Feed Opportunity Fund

Feed Opportunity Fund

Food insecurity, known as uncertain or inadequate access to the food needed for a healthy life, is a serious and growing problem in Canada. While lack of money to buy food is the single greatest cause of food insecurity, it can also be impacted by geography, health status, access to social supports, knowledge barriers, and structural racism.

The Centre supports the development of long-term strategies that can help overcome barriers to food security and reduce food insecurity for people across Canada. We invest in innovative research, collaborative learning, and impactful scale-oriented projects that seek to understand what is and isn’t effective at reducing food insecurity in Canada. We recognize that this level of impact requires efforts from multi-sectoral actors including business, governments, civil society, non-profit organizations, academics, and advocates.

The Feed Opportunity Fund is an open call for compelling ideas and approaches that can contribute to a reduction in food insecurity, so that more people in Canada have stable physical and economic access to enough nutritious and culturally appropriate food.

Our Approach to Partnership

We build trusted and open partnerships to learn what works and what doesn’t to advance food security and reduce food insecurity. We move beyond a conventional funder-grantee relationship to actively collaborate with our partners in the spirit of increasing impact.

We seek projects with the potential to scale. Through supporting experimentation and insightful evaluation, we support our partners to develop effective approaches, which can be scaled up or out.

We work with partners to increase their organizational capacity to accelerate and expand their impact. This includes providing access to expertise to help partners achieve strategic goals.

Project Grants

Project Grants support initiatives that go beyond emergency food relief to provide programs or interventions that reduce barriers to food security and which may reduce household food insecurity. Project grants are provided to organizations that are working directly with and alongside food-insecure people.

Project Grants can be up to $150,000/year, although higher levels of funding may be considered for initiatives with potential for scale impact. Subject to annual review, Project Grants may extend up to three years or more in exceptional cases. Evaluation and learning are important parts of Project Grants; partners will work in collaboration with key stakeholders, including the Centre, to develop process and outcome evaluation plans that align with project goals.

2022 Priorities

Priority will be given, but not limited to:

  • Initiatives that increase access to income (i.e., through government financial benefits, gainful employment, training programs, etc.)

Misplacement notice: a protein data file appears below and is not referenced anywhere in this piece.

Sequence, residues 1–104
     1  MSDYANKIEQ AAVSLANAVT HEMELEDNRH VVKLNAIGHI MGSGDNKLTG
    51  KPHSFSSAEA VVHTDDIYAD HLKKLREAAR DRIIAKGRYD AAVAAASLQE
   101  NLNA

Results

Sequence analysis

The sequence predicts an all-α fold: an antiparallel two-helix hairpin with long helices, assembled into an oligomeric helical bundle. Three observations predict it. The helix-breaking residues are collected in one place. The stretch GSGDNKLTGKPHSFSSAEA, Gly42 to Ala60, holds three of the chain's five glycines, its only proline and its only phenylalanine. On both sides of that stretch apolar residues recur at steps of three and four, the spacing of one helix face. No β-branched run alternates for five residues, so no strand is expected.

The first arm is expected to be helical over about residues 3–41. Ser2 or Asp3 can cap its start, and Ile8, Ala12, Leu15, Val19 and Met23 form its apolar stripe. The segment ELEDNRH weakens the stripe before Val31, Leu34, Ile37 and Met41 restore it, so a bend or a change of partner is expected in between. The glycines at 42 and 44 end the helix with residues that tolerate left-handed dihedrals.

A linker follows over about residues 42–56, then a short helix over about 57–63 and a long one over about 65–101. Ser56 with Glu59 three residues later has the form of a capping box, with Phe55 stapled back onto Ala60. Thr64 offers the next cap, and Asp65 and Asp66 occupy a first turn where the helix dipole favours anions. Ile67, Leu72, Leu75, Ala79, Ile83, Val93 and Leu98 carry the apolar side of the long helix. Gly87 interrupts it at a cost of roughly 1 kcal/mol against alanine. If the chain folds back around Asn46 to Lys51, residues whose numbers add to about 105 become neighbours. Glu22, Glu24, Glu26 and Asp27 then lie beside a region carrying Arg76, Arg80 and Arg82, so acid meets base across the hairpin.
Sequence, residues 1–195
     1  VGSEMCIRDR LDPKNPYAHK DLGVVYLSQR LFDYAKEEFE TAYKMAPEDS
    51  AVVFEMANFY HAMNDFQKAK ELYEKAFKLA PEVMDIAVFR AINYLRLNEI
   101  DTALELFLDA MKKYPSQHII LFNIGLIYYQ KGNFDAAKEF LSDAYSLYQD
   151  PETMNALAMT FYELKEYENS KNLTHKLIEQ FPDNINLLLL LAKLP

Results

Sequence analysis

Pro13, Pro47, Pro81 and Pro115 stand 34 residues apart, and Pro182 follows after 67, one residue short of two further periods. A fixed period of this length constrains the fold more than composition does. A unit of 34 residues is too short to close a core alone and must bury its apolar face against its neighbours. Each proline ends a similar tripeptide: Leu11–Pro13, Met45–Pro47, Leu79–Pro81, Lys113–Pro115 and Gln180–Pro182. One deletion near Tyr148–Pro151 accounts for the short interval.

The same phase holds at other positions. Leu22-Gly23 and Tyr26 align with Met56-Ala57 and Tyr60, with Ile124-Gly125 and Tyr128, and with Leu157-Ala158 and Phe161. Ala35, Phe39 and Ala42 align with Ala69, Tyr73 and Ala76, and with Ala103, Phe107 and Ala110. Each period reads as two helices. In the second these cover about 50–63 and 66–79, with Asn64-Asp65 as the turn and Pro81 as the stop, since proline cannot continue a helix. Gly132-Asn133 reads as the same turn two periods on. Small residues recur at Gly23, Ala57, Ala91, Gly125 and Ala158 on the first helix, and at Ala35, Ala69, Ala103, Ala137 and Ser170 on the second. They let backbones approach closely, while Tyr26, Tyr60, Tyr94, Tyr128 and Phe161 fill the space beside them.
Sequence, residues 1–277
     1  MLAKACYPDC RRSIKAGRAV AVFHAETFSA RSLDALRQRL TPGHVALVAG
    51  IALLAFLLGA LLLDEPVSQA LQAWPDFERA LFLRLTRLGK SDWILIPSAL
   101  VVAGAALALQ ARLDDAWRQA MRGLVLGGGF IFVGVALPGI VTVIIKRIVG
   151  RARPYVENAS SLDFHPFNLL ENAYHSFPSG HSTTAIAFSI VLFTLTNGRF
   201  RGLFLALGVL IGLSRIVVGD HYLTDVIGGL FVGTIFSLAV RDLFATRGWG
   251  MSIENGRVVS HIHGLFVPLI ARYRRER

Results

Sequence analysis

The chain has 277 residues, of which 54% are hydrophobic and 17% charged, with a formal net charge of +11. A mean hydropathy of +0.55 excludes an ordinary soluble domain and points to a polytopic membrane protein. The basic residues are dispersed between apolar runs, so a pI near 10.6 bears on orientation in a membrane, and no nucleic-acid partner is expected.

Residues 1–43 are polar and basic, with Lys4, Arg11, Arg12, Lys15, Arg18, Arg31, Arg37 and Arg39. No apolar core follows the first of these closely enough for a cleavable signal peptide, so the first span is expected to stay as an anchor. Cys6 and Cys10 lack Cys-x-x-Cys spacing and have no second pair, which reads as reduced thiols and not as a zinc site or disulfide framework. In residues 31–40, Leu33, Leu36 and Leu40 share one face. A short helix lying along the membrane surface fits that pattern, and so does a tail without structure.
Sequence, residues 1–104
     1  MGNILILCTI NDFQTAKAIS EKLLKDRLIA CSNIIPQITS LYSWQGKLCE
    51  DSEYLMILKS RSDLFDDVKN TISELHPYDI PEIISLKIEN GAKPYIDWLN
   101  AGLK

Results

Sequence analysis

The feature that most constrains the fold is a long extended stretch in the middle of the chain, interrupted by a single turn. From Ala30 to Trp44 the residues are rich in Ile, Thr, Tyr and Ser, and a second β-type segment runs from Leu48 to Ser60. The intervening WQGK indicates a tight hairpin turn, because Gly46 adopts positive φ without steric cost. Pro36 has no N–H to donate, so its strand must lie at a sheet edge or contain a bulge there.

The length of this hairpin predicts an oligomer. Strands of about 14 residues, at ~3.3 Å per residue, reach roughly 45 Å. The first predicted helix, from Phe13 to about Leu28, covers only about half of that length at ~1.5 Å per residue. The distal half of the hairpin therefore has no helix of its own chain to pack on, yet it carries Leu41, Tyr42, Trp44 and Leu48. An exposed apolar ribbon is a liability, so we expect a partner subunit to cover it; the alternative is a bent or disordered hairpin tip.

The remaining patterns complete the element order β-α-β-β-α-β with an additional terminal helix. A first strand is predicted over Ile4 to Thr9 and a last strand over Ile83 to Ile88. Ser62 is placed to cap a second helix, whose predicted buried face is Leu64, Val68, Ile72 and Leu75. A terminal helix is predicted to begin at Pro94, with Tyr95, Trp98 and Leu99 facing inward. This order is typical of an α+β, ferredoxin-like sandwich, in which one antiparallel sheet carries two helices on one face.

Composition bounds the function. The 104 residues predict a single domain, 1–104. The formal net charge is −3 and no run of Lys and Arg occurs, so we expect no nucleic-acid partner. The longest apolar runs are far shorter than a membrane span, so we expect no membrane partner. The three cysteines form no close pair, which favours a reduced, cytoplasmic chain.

• Initiatives that increase the affordability of food (i.e., through subsidy models, non-profit social enterprises or retail)
  • Projects that demonstrate strong partnerships, including across sectors
  • Initiatives that focus on supporting peoples with disabilities who are experiencing food insecurity

Project Grant applications will be assessed on the basis of the following criteria:

  • Clarity of the initiative, key activities and milestones
  • Rationale and demonstrated need for the work
  • Potential for impact on the outcomes listed above
  • Ability to have immediate impact and potential to contribute to long-term, scale impact (reaching more people over time)
  • Ability to engage other funders, including the private sector, foundations, academia and government
  • Sustainability of the project post-Centre funding

Learning Grants

Learning Grants seek to surface knowledge and insights that further understanding of food insecurity and the efficacy of different interventions to reduce food insecurity. Learning grants are provided to organizations interested in conducting research or sharing knowledge through partnerships, collaboratives, or networks that build skills and collective action to reduce food insecurity.

Learning Grants can be up to $150,000/year. Subject to annual review, Learning Grants may extend up to three years or more in exceptional cases.

Learning Grant applications will be assessed based on the following criteria:

  • A rationale for how the approach advances knowledge, fills research gaps, and/or builds or strengthens networks
  • Clarity of the hypotheses or learning objectives, including key activities and milestones
  • Potential for the initiative to impact the reduction of food insecurity in the long-term
  • Effective knowledge mobilization strategies to share learnings with the Centre and others
  • Ability to engage other funders, including the private sector, foundations, academia and government

Grant Eligibility

Organizations may apply individually or in collaboration with others. To be eligible for the Feed Opportunity Fund, initiatives must:

  • Be led by a registered charity or qualified donee
  • Demonstrate an innovative or unique approach
  • Work openly with the Centre to learn what works and what doesn’t through rigorous evaluation and share that learning with others
  • Be willing to work with the Centre to course correct, overcome challenges and enable project resiliency

While food does not need to be a core component of a project, the work should include reducing food insecurity as a primary outcome.

Generally we do not fund:

  • Organizations that are not registered charities or qualified donees:
  • Faith-based initiatives
  • Political organizations
  • Initiatives that focus solely on developing food and nutrition skills
  • Ongoing operating expenses that are unrelated to the proposed project
  • Capital projects